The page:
This post is written by contributing writer, Kimberly from The Corner of Birch and Divine.
At first arrival, it was exactly the paradise I expected it to be. The sand was soft, the ocean was vast, the palm trees were plentiful, the sun was hot, and the breeze was refreshing. The smell of Island hung in the air, and I took a deep, grateful breath of it. Our tropical vacation had finally arrived.
In May, my husband and I spent some time with my family in Sint Maarten. After a hectic week of closing up projects at work, preparing and packing for a week-long vacation, and trying to make our apartment look somewhat clean for our return home, I was longing for pristine ocean views and the relaxing sound of crashing waves. I was not disappointed. The balcony of our shared room overlooked the sea, and I could almost pick the coconuts from the palm trees. Upon first sight of it, I made a date with myself to sit on that balcony and drink my coffee each morning.
Upon waking the next day, I faithfully grabbed my mug and curled up in a chair on the balcony. I marveled at the creation laid out before me, and praised God’s design. As I was contemplating whether or not the Lord’s intention in creating white sand and turquoise water was specifically to gift His children with a sense of relaxation, a soft roaring sound wedged its way through my reverie. I looked out on the horizon, and caught the silver glint of an airplane. It grew closer and closer, and I finally recalled that our hotel room was a mere hundred feet from the island’s only public airport. The roar grew louder, nearly deafening, and my jaw hung agape as the plane executed a smooth landing mere yards from sunbathers on the beach.
After I gathered up my lost wits that had scattered across the balcony, I was puzzled to realize that I didn’t find the plane to be a disturbance. It was bizarre, to be sure, but I actually found the whole experience to have a beauty to it. Although a steely, glinting plane is a stark contrast to soft sand and green palm fronds, I found the contrast to be fascinating, and not at all ugly.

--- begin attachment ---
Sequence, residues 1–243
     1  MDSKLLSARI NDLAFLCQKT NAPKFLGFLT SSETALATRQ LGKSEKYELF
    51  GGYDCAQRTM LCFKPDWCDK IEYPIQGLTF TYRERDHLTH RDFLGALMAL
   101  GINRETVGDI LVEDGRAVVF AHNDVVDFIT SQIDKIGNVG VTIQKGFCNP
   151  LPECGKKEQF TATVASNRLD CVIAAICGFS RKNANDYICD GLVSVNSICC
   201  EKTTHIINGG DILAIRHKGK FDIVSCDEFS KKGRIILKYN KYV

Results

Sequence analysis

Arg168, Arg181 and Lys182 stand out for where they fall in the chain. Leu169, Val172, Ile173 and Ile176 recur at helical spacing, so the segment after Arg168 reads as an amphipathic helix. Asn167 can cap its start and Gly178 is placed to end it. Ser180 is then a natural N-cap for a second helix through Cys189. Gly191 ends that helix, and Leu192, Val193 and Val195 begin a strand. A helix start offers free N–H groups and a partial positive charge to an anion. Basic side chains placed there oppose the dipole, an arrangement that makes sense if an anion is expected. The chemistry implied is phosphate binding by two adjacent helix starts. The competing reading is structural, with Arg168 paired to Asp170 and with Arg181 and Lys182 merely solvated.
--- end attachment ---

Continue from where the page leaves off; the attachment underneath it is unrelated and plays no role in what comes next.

This revelation quickly lent itself to an internal debate. Earlier, when admiring God’s creation, my thoughts were bent toward nature – the rustling of the palms in the wind, the sea that met the horizon, the bright and warm sun. How does cold, modern technology belong in a tropical paradise? Why did I find the contrast of nature and science to be so beautiful? Where does God fit into all of this?
I turned to my Bible. The book of Genesis tells the story of creation, of God breathing life into the sky, the earth, animals, and humans. Of course, there is no mention of technology. However, God did create humans in His likeness. And when He did, He put them in charge of everything He created.
Then God said, “Let us make man in our image, after our likeness. And let them have dominion over the fish of the sea and over the birds of the heavens and over the livestock and over all the earth and over every creeping thing that creeps on the earth.”
Genesis 1:26 ESV
I considered that perhaps when God gave care of the earth and His creatures to us, He intended us to evolve. To be created and then create ourselves, by learning to make use of the tools we are given. Thanks to God’s desire to model us after Himself, we have intelligent minds that enable us to dream up methods of feeding ourselves, sheltering our families, and even transporting hundreds of people around the world. The Lord gave us amazing gifts… shouldn’t we use them?
Having gifts that differ according to the grace given to us, let us use them: if prophecy, in proportion to our faith; if service, in our serving; the one who teaches, in his teaching; the one who exhorts, in his exhortation; the one who contributes, in generosity; the one who leads, with zeal; the one who does acts of mercy, with cheerfulness.
Romans 12:6-8 ESV
I came to the conclusion that it is not necessarily wrong for us to use our gifts to build airplanes and skyscrapers and fly into outer space. It’s about using our gifts with the right intentions. If we use our gift with chemistry to seek a cure for cancer, it’s beautiful. If we use our gift with engineering to create shelter for families, it’s beautiful. If we use our gift with aerodynamics to fly people to a place that reminds them of God’s power and glory, the contrast between technology and nature can be beautiful.
Some people might argue that nature should be left pristine and untouched, the way God originally created it. Others might argue for a balance of nature and technology. Where do you stand? Do you think God and technology can exist together?
This post is shared at Simple Lives Thursday